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Dynamic population of a hash

by JFarr (Sexton)
on Nov 08, 2005 at 21:47 UTC ( #506907=perlquestion: print w/replies, xml ) Need Help??

JFarr has asked for the wisdom of the Perl Monks concerning the following question:

Hello Monks, I have a question on how to build a hash from a string. I've searched the O'Reilly book and the Categorized Questions here, but nothing really explains how to do what I would like to do. I'll have already read in a file that contains a string of partial directories, ie. /Workstation_X_X/<someotherpath>/ How would I set this up to populate a hash? Thanks in advance. Perl NooBie

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Re: Dynamic population of a hash
by friedo (Prior) on Nov 08, 2005 at 21:49 UTC
    Populate a hash with what?
Re: Dynamic population of a hash
by ikegami (Patriarch) on Nov 08, 2005 at 21:53 UTC
    Hashes contain key => value pairs, yet you only mentioned a single value ("a string of ..."). Could you please provide more information?
Re: Dynamic population of a hash
by GrandFather (Saint) on Nov 08, 2005 at 22:02 UTC

    As others have said you've not supplied enough information, but this may get you started:

    use strict; use warnings; use Data::Dumper; my @strs = ( '/Workstation_X_X/<someotherpath>/', '/Workstation_X_X/<someotherpath>/', '/Workstation_X_X/<someotherpath>/filename.yyy' ); my %unique; @unique {@strs} = (); print Dumper (\%unique);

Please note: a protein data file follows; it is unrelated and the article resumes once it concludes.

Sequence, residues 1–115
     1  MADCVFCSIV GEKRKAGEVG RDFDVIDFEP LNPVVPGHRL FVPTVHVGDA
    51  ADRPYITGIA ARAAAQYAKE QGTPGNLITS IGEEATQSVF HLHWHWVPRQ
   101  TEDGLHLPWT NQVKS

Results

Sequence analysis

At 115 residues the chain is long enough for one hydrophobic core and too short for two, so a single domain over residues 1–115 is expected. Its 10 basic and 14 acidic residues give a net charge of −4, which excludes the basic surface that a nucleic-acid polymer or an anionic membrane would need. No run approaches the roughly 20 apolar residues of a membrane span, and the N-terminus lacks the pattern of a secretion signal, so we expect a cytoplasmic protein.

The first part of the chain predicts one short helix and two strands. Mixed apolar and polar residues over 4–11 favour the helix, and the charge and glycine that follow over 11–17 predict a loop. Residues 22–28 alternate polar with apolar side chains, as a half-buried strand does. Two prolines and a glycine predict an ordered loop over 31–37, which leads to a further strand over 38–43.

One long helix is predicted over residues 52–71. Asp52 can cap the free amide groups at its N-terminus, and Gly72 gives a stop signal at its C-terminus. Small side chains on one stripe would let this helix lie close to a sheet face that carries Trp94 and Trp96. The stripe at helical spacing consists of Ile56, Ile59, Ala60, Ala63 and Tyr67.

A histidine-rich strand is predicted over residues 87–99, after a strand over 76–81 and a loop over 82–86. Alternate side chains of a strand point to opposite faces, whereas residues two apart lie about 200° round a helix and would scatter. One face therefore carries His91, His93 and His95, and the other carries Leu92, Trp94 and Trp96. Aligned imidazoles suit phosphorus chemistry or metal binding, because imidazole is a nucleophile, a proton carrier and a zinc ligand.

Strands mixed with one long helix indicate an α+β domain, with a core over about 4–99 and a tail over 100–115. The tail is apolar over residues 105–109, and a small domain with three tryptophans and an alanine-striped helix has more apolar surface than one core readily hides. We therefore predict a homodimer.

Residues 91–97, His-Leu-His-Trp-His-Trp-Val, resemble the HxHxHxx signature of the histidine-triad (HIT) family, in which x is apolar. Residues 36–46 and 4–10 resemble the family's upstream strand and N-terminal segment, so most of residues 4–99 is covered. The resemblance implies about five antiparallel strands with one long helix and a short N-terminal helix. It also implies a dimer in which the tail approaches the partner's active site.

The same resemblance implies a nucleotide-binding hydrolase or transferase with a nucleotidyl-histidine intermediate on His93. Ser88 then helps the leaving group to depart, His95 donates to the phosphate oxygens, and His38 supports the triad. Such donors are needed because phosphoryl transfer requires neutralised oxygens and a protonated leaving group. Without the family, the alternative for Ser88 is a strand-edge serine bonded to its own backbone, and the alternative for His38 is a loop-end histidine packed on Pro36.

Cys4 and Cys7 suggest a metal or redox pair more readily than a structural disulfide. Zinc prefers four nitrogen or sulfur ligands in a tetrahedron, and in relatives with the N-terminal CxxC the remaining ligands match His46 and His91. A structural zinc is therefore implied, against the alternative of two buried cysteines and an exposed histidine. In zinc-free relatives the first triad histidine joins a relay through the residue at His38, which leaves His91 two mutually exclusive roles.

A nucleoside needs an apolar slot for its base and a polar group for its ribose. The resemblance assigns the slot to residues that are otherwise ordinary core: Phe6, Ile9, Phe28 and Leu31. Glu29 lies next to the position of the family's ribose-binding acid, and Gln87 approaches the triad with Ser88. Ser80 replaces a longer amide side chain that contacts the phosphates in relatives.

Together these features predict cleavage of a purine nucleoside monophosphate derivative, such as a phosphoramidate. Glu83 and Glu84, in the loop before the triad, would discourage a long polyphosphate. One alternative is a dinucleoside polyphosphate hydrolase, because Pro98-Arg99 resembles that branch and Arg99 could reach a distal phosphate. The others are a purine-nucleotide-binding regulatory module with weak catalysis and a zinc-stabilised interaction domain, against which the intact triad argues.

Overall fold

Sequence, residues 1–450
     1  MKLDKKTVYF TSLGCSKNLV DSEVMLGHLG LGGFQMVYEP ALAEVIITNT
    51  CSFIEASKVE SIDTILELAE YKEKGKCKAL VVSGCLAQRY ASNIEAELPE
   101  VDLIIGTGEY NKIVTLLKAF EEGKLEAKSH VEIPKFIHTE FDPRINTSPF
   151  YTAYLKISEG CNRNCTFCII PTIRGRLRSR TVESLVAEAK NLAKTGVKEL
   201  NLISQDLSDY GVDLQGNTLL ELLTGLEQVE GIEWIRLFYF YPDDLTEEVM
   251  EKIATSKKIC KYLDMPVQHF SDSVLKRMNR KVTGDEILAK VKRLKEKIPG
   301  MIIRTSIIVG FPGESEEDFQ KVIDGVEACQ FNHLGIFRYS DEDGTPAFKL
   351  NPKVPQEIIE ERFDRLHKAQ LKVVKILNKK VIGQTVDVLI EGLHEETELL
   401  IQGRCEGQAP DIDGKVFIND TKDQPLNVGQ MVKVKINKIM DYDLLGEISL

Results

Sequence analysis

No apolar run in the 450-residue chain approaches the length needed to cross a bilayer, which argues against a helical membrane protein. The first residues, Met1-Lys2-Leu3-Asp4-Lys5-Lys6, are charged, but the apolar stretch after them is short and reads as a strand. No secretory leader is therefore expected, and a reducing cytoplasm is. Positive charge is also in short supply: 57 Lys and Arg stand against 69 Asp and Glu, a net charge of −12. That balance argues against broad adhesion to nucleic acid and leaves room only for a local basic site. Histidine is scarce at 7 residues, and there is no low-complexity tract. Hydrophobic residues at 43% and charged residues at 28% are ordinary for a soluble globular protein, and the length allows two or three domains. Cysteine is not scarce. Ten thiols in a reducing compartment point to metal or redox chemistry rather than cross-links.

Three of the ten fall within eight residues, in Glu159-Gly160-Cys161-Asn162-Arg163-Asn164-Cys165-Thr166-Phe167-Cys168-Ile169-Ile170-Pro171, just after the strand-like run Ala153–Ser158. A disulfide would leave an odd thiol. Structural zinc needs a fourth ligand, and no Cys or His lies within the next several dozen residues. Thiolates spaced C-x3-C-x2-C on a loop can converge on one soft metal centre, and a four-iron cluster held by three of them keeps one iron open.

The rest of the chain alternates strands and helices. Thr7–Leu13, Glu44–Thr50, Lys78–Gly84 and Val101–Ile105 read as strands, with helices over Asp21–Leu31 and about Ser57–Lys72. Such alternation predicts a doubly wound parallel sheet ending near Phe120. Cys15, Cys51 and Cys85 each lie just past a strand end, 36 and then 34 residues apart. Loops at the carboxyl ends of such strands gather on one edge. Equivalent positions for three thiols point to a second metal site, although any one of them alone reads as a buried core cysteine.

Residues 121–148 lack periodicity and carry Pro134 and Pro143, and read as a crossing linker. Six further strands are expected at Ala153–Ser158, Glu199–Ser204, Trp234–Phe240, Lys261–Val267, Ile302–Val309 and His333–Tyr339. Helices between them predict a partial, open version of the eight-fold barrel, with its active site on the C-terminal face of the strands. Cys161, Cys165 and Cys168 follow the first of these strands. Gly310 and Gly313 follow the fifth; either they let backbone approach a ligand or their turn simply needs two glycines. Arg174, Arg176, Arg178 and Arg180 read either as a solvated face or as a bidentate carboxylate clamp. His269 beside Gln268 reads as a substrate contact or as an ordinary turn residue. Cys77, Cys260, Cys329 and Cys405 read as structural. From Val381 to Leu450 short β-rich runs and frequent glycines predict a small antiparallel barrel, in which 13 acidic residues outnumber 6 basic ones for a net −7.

$VAR1 = { '/Workstation_X_X/<someotherpath>/' => undef, '/Workstation_X_X/<someotherpath>/filename.yyy' => undef };

    Perl is Huffman encoded by design.
      Forgive me, I'll be more specific. With the strings that will be read in from the file, how would I make the the mappings dynamically.. So if the first $T is /Workstation_X_X/<someotherpath>/, would I do something like:
      foreach $T (@myfile) { %map = {'first', X, 'second', Y, 'third', Z); }
      Now somes the other question, being so new to perl, how do would you parse the "/Workstation_X_X/<someotherpath>/" strings into the X,Y,Z? Using reg expression? grep? some magic?
        Your question is still remarkably unclear. What is X, Y and Z? In your filename, all I see are a couple Xes.

        If you've got an ordered list of data, (which is what I surmise from your keynames of 'first', 'second', and 'third'), why are you using a hash instead of an array?

        Be very specific about what you're trying to accomplish. No more nonsensical sample data. Show us what you have and what you're trying to do with it and what code you've written.

        Give us three sample strings and what you expect to see in the hash.

        BTW, I'd tend to avoid map as a name in the same way I'd tend to avoid grep and and and for as names.

        Perl is Huffman encoded by design.
        You can use split to split the path up on the slashes, like so:
        my @values = split m:/:, $path_string;
        It's not at all clear why you'd be putting that into a hash as you illustrate. It would be more interesting to make a multilevel hash that mimics the hierarchy of a list of paths:
        my $hashed_path = {}; for my $path_string (@list_of_paths) { my $hpref = $hashed_path; for $dir (split m:/:, $path_string) { $hpref->{$dir} = {} unless exists $hpref->{$dir}; $hpref = $hpref->{$dir}; } }
        That might be a bit much to absorb so early in your Perl experience, but maybe not.

        Caution: Contents may have been coded under pressure.

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